Institute of Cognitive and Brain Sciences
University of California at Berkeley
3210 Tolman Hall MC 1650
Berkeley, CA 94720-1650
Administration support for the Institute is provided by the staff of the Helen Wills Neuroscience Institute. See the administration page for help and information.
All talks are in 5101 Tolman Hall, 11am-12:30pm.
Presenter: Justin Halberda, Department of Psychological and Brain Sciences, Johns Hopkins University
Title: An interface between vision, numerical cognition, and word meanings
Abstract: Whereas limits of visual processing are interesting in their own right, these limits take on a deeper meaning where vision integrates with other cognitive systems. It is at this point that limits within vision become limits that can affect the whole of cognition. I present evidence for one such case: an interface between vision, numerical cognition and the semantics of quantifier terms. Along the way, I discuss my lab's work on basic numerical cognition (e.g., the Approximate Number System), visual ensemble features (e.g., average size), and lexical semantics (e.g., the meaning of words like most and more). The goal is to highlight a case where non-visual cognition (e.g., lexical meaning) interfaces with vision and visual limits (e.g., enumerating multiple sets) constrain later cognition.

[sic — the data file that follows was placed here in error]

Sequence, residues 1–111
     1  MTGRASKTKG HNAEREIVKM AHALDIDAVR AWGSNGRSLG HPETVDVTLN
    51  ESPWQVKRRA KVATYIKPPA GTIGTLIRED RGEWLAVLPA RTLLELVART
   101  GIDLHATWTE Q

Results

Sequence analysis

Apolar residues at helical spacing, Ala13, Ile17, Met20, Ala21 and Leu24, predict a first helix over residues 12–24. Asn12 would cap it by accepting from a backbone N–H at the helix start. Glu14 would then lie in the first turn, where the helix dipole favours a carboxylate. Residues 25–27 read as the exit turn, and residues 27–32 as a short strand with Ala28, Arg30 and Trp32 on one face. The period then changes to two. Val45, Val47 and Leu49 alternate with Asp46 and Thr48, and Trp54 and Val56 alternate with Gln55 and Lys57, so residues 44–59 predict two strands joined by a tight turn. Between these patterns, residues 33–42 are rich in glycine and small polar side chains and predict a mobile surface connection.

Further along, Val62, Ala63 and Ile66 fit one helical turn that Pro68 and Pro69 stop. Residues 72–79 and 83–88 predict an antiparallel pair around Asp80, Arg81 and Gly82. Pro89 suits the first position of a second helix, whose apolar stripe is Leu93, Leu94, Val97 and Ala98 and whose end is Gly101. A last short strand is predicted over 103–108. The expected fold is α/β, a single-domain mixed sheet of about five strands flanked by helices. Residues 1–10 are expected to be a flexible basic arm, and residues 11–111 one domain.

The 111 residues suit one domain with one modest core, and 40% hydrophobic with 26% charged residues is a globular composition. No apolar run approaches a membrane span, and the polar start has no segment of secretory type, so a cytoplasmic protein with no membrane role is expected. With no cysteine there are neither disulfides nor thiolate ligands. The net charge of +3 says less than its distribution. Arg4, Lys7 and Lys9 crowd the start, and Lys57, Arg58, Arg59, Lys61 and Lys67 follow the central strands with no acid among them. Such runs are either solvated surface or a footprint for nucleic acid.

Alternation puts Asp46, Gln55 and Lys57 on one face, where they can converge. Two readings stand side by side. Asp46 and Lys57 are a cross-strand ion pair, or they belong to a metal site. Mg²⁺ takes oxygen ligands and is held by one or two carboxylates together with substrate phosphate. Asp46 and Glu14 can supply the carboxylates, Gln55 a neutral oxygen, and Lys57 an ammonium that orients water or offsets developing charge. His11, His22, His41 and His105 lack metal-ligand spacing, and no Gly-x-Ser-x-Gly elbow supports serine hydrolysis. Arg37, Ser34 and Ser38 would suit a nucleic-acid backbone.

Presenter: Ed Vul, Department of Psychology, University of California, San Diego
Title: Intuitive dynamics in human object perception
Abstract: People show remarkable sophistication in their implicit reasoning about complicated physical systems: they can play tennis, shoot pool, hit a tetherball, etc. Here I go over recent evidence that such reasoning is supported by an intuitive, probabilistic model of Newtonian physics that supports forward-simulation of world dynamics to make predictions and inferences about objects. The intuitive physics that people use can account for performance in multiple object tracking in adults and reasoning about objects in infancy and childhood. Adults' kinematic predictions reveal that human intuitive physics include noisy dynamics, and that task-specific biases can arise from the same physical model given different task relevant uncertainty. Finally, online physical prediction reveals that people not only employ a noisy Newtonian forward simulation system, but also have a rapid (perhaps topological) qualitative reasoning system. Together, these results begin to characterize the intuitive physical system and its uses across domains of reasoning.
Presenter: Peter Godfrey-Smith, Philosophy Program, The Graduate Center, City University of New York
Title: Memory as communication
Abstract: Memory can be seen as communication between stages - communication between an earlier and a later self. This idea only becomes more than a loose analogy, though, if there is a theory of communication that can add something substantial to our understanding of memory. I'll argue that recent models of communication, developed for quite different applications, can indeed play this role. Application of these ideas to memory can inform debates about the 'reconstructive' nature of memory, the function of episodic memory, and the relations between memory in genetic, epigenetic, and neural systems.